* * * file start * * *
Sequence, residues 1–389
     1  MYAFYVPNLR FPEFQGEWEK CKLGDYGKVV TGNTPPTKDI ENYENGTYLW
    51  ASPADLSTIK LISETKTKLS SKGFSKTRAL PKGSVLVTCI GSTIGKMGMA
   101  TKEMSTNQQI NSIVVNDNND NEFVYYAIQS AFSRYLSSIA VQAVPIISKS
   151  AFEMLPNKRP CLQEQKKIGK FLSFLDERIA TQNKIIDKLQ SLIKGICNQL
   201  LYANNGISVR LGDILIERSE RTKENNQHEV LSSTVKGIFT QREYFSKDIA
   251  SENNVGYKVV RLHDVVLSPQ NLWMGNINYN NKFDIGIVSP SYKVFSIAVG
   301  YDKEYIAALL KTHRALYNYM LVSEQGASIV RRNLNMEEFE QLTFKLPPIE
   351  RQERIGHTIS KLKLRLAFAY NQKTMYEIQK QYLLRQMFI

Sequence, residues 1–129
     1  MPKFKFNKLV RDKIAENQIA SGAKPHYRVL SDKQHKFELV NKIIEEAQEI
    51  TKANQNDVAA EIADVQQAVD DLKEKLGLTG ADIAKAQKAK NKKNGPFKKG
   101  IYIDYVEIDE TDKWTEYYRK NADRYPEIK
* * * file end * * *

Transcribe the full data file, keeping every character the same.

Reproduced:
Sequence, residues 1–389
     1  MYAFYVPNLR FPEFQGEWEK CKLGDYGKVV TGNTPPTKDI ENYENGTYLW
    51  ASPADLSTIK LISETKTKLS SKGFSKTRAL PKGSVLVTCI GSTIGKMGMA
   101  TKEMSTNQQI NSIVVNDNND NEFVYYAIQS AFSRYLSSIA VQAVPIISKS
   151  AFEMLPNKRP CLQEQKKIGK FLSFLDERIA TQNKIIDKLQ SLIKGICNQL
   201  LYANNGISVR LGDILIERSE RTKENNQHEV LSSTVKGIFT QREYFSKDIA
   251  SENNVGYKVV RLHDVVLSPQ NLWMGNINYN NKFDIGIVSP SYKVFSIAVG
   301  YDKEYIAALL KTHRALYNYM LVSEQGASIV RRNLNMEEFE QLTFKLPPIE
   351  RQERIGHTIS KLKLRLAFAY NQKTMYEIQK QYLLRQMFI

Sequence, residues 1–129
     1  MPKFKFNKLV RDKIAENQIA SGAKPHYRVL SDKQHKFELV NKIIEEAQEI
    51  TKANQNDVAA EIADVQQAVD DLKEKLGLTG ADIAKAQKAK NKKNGPFKKG
   101  IYIDYVEIDE TDKWTEYYRK NADRYPEIK